I first became aware of Parks’ connection to Fort Scott during the 1968-1978 time period, which is when I lived in KCK and Olathe. Your writing continues to inspire. I have planned several stops in metro Kansas City through your writing. Only seeing friends and family will not suffice now.
We are so glad to hear that we are inspiring your desire to explore. The world is filled with interesting stories, and we don’t have to go far to find them. Travel safely!
I understand that George Washington Carver went to college in Fort Scott. It was rumored that he washed dishes in my Husband’s grandmother s kitchen. It’s also rumored he left town after witnessing a hanging. Idk if that’s fact, I just find it interesting. Its
While we never heard that particular story, we did see that he attended multiple schools, before graduating in Minneapolis, Kansas.
Thanks for highlighting Gordon Parks. I grew up in Fort Scott a few years after Gordon left. I have always appreciated the historical piece that Fort Scott has provided in our timeline of life.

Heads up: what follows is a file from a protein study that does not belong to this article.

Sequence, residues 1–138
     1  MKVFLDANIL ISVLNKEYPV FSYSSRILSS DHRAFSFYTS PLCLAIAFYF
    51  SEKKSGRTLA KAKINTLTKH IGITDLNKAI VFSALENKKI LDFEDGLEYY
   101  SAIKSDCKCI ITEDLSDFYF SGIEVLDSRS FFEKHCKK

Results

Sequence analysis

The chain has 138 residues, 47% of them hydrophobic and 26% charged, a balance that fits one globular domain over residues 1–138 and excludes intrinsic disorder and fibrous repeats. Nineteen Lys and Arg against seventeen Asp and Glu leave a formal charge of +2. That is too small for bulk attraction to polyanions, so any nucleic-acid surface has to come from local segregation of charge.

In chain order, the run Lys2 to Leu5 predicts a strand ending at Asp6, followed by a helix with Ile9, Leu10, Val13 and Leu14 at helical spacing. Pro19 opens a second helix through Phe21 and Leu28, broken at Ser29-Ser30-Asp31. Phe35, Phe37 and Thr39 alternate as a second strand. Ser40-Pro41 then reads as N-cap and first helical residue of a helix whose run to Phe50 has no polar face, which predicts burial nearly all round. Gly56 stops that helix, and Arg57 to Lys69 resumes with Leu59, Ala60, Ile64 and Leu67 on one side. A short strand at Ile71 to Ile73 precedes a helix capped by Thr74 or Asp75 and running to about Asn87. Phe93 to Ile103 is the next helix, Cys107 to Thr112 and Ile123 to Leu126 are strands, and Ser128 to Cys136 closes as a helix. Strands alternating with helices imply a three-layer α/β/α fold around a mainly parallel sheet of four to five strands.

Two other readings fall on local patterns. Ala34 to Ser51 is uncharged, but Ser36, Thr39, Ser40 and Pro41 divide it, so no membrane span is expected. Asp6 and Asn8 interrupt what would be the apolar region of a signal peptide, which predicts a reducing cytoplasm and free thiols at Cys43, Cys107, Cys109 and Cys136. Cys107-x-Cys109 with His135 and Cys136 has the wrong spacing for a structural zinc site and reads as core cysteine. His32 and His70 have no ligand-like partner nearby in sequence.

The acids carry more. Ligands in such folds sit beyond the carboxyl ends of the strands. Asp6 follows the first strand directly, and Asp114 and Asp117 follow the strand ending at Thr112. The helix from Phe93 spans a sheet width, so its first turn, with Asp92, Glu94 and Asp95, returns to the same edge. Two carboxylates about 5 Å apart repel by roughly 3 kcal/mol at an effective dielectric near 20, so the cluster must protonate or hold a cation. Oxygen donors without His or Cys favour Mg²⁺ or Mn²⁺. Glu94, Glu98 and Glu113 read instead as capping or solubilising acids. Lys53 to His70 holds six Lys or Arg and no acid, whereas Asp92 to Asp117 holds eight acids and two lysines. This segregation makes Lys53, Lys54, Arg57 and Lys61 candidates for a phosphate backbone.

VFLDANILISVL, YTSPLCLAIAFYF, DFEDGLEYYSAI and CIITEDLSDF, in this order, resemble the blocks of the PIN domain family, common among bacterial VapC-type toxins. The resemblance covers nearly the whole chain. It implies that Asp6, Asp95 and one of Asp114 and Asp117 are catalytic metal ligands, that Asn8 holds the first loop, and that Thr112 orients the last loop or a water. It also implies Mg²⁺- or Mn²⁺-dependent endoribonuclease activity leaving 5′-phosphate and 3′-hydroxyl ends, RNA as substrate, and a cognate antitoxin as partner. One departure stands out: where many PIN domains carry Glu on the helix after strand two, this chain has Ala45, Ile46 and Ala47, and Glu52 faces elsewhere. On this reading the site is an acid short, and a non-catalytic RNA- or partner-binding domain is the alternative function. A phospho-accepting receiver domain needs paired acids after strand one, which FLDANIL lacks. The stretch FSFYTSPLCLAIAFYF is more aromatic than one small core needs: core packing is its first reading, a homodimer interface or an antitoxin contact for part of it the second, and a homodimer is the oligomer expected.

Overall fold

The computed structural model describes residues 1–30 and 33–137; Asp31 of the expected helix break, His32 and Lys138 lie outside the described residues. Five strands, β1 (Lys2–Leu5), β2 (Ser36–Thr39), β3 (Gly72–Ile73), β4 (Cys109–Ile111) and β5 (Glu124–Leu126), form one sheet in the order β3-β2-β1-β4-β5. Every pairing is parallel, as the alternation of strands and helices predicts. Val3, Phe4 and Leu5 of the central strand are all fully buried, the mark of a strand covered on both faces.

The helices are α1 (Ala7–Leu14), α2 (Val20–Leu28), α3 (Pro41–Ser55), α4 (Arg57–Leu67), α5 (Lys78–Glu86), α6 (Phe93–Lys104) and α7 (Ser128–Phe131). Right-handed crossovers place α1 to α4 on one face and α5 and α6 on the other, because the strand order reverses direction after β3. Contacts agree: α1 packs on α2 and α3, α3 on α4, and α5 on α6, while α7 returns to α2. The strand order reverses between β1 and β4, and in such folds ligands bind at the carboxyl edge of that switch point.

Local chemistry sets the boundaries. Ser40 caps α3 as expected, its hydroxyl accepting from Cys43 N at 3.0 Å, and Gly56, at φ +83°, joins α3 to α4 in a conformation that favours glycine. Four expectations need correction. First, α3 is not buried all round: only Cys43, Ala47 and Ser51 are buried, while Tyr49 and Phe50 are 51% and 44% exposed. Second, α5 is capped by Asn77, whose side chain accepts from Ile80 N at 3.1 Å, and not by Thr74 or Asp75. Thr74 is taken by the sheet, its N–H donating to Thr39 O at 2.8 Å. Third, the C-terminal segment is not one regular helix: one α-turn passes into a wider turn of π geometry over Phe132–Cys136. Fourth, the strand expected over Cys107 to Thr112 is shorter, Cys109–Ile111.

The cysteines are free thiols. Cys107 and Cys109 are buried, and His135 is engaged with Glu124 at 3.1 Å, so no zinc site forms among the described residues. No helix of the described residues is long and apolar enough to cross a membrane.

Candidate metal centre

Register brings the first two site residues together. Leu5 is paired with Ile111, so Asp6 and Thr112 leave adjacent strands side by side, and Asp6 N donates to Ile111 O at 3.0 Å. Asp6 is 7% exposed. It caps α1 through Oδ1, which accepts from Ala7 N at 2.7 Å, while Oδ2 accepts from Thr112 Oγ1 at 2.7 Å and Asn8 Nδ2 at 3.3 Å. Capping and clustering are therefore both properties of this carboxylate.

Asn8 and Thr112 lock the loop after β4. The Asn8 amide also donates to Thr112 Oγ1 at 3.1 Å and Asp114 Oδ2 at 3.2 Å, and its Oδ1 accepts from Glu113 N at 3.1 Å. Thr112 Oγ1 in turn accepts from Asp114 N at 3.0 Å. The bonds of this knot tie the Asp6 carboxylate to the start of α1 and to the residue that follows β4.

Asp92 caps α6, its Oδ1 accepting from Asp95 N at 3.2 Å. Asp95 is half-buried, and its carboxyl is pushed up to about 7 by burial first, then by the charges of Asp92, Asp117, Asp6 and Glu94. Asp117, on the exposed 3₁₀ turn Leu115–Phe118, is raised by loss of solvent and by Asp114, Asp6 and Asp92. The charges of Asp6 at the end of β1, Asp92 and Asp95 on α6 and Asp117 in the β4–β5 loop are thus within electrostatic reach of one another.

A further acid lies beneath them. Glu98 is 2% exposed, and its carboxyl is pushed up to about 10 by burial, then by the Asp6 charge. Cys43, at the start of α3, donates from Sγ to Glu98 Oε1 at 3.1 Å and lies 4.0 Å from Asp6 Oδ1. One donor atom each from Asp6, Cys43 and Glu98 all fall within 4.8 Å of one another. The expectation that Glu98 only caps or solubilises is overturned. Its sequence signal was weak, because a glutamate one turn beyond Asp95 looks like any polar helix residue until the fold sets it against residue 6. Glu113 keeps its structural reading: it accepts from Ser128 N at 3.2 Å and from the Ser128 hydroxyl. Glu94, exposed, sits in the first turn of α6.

We are so happy you enjoyed our article. The Gordon Parks site was actually our first stop in Fort Scott and well-deserved for his contributions.
I grew up in Fort Scott (1950’s and -60’s) and became aware of Gordon Parks through our subscription to “Life” magazine. During that time, I learned of his Fort Scott nativity. At every possible opportunity, I watched him work as “The Learning Tree” was filmed. Regarding George Washington Carver: It is my understanding he attended Professor E.J. Hawkins’ Plaza School for some months as a young teen before he moved on to other Kansas locations.
We continue to be amazed at the stories we find in every community across our state. This is another example of a great Kansan rising to make the world a better place.